Patty Duke as Patty and Cathy Lane
If ever there was a Golden Age for sitcoms with strange premises, it was the 1960s. Among those sitcoms with strange premises was The Patty Duke Show. The Patty Duke Show starred Patty Duke as teenage, identical cousins (yes, you read that right). Patty Lane was a typical, American teenager, exuberant and talkative, who lived in Brooklyn Heights in New York City. Her identical cousin, Cathy Lane came from Scotland to live with the Lanes. As opposed to Patty, Cathy was intelligent, cultured, and reserved. Their identical appearance were explained by the fact that Patty's father Martin (William Schallert) and Cathy's father Kenneth (also played by William Schallert) were identical twins.

Patty Duke had begun her acting career when she was still very young. When she was only eight years old she was signed to talent managers John and Ethel Ross, who had managed her brother. While the Rosses would turn Patty Duke into a star, her time with them was not entirely pleasant. Ultimately, they were both exploitative and abusive. They dictated her whole career. Born Anna Marie Duke, John and Ethel Ross changed her name to "Patty Duke." They plied her with both alcohol and prescription drugs. They even pocketed $1 million of her earnings for themselves. Patty Duke would only see her mother when she came to do the Rosses' laundry.

While John and Ethel Ross's management left much to be desired, Patty Duke had real talent even when she was very young. After appearances in movies and on television, Patty Duke was cast as Helen Keller in the Broadway play The Miracle Worker. She won a Theatre World Award for her role in the play in 1960. The Miracle Worker would be adapted as the 1962 movie The Miracle Worker, for which Patty Duke won the Academy Award for Best Supporting Actress. 

It was even before Patty Duke had won the Oscar that she was signed to Peter Lawford's production company Chrislaw Productions with the intent of starring her in her own series. A deal was made with the American Broadcasting Company (ABC), who bought The Patty Duke Show on the basis of Patty Duke's name alone. ABC even scheduled the show on Wednesday night at 8:00 PM Eastern without having a premise for the show in place. To create the show, ABC turned to Sidney Sheldon, who had written or co-written the screenplays for such films as The Bachelor and the Bobby-Soxer (1947), Easter Parade (1948), and Annie Get Your Gun (1950).

When Sidney Sheldon's agent Sam Weisbord contacted him about The Patty Duke Show, his initial response was turn the show down because he did not work in television. Sam Weisbord then asked Sidney Sheldon to have lunch with Patty Duke simply out of courtesy, to which Mr. Sheldon consented. During their lunch Sidney Sheldon and Patty Duke hit it off, and he asked her if she would like to have dinner with him, his wife Jorja, and his daughter that night. That night Sidney Sheldon's wife Jorja was as taken with Patty Duke as he was, and the three of them had a pleasant evening. It was while Sidney Sheldon and his wife were having a conversation that they realized Patty Duke had left the table. They found her in their kitchen doing dishes. It was then that Sidney Sheldon decided he would develop The Patty Duke Show. In her autobiography Call Me Anna: The Autobiography of Patty Duke, Patty Duke (who would later be diagnosed with bipolar disorder), theorized that Sidney Sheldon "...felt I was schizoid and that's how he came up with the concept. There was the perky me and the corporate executive me and rarely the twain shall meet." What Patty Duke might not have known at the time is that Sidney Sheldon had also struggled with bipolar disorder for years.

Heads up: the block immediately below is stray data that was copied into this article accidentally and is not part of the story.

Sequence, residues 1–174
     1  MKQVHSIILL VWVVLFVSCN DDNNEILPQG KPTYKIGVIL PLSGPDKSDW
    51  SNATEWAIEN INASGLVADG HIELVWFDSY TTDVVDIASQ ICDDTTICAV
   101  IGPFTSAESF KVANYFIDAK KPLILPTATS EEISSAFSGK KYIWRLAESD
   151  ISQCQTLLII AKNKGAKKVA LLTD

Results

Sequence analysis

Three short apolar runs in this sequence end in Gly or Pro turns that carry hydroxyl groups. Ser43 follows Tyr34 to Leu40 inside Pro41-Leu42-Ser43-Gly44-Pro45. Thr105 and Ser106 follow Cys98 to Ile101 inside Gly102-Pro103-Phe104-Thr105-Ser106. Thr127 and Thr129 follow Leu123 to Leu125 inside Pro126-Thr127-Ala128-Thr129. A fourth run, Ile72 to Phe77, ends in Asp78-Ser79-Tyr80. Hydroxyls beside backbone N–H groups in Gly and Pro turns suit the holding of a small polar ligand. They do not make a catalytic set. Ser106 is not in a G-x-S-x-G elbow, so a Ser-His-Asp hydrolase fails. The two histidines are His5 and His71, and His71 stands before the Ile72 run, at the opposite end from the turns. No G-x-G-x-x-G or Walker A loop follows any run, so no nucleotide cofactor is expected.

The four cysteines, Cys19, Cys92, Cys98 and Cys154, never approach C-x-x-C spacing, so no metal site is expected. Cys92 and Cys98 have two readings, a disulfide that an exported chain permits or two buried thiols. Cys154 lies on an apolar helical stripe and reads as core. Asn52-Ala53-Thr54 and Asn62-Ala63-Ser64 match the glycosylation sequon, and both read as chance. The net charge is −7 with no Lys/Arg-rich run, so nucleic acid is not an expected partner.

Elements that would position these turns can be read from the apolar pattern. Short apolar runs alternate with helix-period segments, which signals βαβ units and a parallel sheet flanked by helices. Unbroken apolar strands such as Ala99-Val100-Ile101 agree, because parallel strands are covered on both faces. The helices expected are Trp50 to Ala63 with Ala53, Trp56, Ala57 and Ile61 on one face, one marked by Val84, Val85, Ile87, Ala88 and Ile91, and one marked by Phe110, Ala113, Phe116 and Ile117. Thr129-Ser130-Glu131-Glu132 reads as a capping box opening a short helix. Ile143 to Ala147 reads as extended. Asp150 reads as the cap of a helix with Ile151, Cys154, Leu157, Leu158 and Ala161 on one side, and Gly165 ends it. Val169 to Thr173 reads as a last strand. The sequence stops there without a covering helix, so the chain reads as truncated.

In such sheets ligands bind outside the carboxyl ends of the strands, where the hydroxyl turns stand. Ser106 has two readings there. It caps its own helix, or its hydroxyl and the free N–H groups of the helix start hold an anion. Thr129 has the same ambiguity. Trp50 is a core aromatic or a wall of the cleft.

The pilot for The Patty Duke Show was filmed on January 1 1963 at MGM Studios in Culver City. The pilot would differ somewhat from the television series. Rather than being set in Brooklyn Heights, it was set in San Francisco. Mark Miller played Martin Lane. Mark Miller objected to the plan to eventually move filming of The Patty Duke Show from New York City to California, so for the series he was replaced by William Schallert, who had earlier played Mr. Pomfritt on Dobie Gillis. Patty's younger brother Ross was played by Charles Herbert in the pilot. In the series he was replaced by Paul O'Keefe.

The rest of the cast from the pilot would remain on the television series. Jean Byron played Patty's mother Natalie Lane. Like William Schallert, she was a veteran of Dobie Gillis, having played Mrs. Adams and later Dr. Burkhart on that show. Eddie Applegate played Patty's boyfriend Richard Harrison. In addition to the regular cast, throughout its run The Patty Duke Show featured a number of recurring characters. In the first two seasons Kitty Sullivan played Patty's friend and occasional rival Sue Ellen Turner. In the first season John McGiver played Martin's boss at the newspaper. Donald Doyle appeared as Patty's boyfriend Richard's father, Jonathan Harrison, in the show's first two seasons.

Of course, as Patty Duke played both Patty and Cathy, it took visual effects to show the two cousins together. This was accomplished using a split-screen effect, and less often a travelling matte effect. Those times when one of the cousins was not facing the camera, a double for Miss Duke would be used. In the third season an uncredited young actress Rita McLaughlin served as Patty Duke's double. Rita McLaughlin had earlier appeared on Watch Mr. Wizard and was later a regular on the soap operas The Secret Storm and As the World Turns.